It can often be difficult for parents to know how to fill the long summer holidays, but this year, a team of researchers from Coventry University stepped in to provide a few days of fun for children with their annual Young Researchers event.
The children, ranging in age from 6-12 years old, took part in a selection of fun science-based activities. These were designed not only to keep them entertained, but also so that the team could gain invaluable insights into how and when children learn vital skills such as problem solving, emotion recognition and literacy. The team, made up primarily of academics from the Centre for Research in Psychology, Behaviour and Achievement, welcomed a total of 148 children to the lively sessions, along with parents, grandparents, aunties and uncles.
Feedback was really positive. Almost all families said that they would attend next year and that they enjoyed taking part in the research, particularly writing a story, and having a go at mindreading!
Data entry is now well underway and we hope to have some exciting findings to share soon.
The activities children enjoyed included:
Guess the Gift
Being able to recognise how other people feel is an important skill in everyday life, but currently there is no conclusive research explaining how children develop this ability. This activity included showing the children videos of people receiving a gift, and asking them to deduce from the people’s reactions what the presents were, and how the people felt. This task involved the use of eye-tracking software to see where the children were looking during the activity to help them understand the situation.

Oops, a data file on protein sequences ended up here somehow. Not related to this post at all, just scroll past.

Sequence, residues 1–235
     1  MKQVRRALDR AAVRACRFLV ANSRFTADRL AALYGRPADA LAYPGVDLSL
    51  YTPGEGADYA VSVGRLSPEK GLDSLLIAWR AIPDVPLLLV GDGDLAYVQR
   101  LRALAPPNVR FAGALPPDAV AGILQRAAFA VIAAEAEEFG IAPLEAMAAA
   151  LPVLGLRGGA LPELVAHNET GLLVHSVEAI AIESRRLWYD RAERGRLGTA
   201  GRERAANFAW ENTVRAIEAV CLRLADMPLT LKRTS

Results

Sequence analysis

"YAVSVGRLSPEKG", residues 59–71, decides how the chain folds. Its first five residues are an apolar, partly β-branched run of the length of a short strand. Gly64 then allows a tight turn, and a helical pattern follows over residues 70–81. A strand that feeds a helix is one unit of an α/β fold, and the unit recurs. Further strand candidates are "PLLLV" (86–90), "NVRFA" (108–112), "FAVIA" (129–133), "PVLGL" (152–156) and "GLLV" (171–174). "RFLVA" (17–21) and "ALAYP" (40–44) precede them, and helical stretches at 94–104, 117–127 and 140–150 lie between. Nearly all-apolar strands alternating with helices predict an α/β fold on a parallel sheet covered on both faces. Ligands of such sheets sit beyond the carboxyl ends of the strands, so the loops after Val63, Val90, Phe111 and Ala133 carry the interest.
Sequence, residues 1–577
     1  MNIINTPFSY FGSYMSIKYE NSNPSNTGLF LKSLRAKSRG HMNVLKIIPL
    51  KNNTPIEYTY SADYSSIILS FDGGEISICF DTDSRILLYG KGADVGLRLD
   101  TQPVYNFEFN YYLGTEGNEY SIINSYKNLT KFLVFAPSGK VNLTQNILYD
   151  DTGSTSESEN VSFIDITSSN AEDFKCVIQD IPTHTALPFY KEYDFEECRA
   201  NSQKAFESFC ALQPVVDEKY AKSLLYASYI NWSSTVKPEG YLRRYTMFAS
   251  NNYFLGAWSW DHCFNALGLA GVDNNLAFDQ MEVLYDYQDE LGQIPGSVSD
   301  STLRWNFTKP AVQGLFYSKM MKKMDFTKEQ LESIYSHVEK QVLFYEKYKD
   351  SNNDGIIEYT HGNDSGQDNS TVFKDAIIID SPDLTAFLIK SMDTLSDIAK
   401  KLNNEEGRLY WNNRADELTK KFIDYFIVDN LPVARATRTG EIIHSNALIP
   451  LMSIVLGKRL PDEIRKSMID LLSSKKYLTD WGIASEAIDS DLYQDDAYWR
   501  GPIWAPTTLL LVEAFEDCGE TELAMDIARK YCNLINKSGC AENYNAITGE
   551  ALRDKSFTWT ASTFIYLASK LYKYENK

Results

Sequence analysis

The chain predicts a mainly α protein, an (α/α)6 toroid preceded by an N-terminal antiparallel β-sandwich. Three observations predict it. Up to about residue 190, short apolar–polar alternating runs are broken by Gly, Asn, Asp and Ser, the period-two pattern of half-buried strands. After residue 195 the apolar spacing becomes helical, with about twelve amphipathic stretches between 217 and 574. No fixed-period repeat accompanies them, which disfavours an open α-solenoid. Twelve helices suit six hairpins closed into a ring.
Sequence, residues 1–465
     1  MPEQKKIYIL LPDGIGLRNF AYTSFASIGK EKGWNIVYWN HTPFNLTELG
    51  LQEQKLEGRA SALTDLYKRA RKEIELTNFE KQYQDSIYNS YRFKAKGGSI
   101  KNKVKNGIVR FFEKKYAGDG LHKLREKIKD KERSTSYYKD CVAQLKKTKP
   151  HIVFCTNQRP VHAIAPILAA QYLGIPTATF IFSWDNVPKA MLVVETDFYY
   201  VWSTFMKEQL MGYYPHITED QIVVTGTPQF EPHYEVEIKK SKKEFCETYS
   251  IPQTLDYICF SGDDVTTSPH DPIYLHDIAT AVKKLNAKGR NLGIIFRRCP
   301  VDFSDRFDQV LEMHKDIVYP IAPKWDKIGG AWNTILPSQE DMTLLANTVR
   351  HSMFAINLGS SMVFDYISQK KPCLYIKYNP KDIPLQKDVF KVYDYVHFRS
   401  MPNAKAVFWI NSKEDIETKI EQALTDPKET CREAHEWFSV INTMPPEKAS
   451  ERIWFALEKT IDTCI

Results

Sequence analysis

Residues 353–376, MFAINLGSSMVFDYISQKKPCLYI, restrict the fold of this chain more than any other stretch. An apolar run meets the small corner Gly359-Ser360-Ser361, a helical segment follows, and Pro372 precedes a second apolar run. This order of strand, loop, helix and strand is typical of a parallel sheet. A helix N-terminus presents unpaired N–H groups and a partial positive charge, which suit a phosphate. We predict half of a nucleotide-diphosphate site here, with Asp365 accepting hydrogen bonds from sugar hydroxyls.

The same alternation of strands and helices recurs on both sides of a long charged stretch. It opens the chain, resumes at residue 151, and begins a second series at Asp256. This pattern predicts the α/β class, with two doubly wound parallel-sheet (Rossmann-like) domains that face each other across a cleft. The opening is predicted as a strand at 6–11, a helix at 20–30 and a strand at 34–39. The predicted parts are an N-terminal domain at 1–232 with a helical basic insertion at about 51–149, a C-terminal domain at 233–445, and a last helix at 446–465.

Story Writing Competition
Our researchers were interested in finding out more about how children learn to write stories, as well as the skills needed to be a good writer. Each day, the children were given an idea and then left to create a story. The entire process was recorded using a graphics tablet, which monitored what the children wrote, any mistakes made, when they paused to think about the story or if they made any edits or changes.
Children had the chance to release some energy as they were asked to catch, throw balls at targets and balance on one leg. This gave the researchers the opportunity to learn more about how young people develop these skills, and whether they have any relation to other abilities, such as holding a conversation or using empathy.
Other activities for the children included bowling to test for right-handed or left-handedness and colouring in a ‘brain’ hat to learn more about the mind; while the researchers also looked into how sleep affects children’s mental abilities and whether the speed at which children can recognise letters affects their aptitude at spelling.
“Coventry Young Researchers has been a great success this year, with 148 children taking part in a number of research studies, while having fun and learning about science! We plan to run this fun science event every year, so that families in and around Coventry can learn about and help with our research. We would like to thank all the families who helped us this year, and we look forward to sharing what we found out!”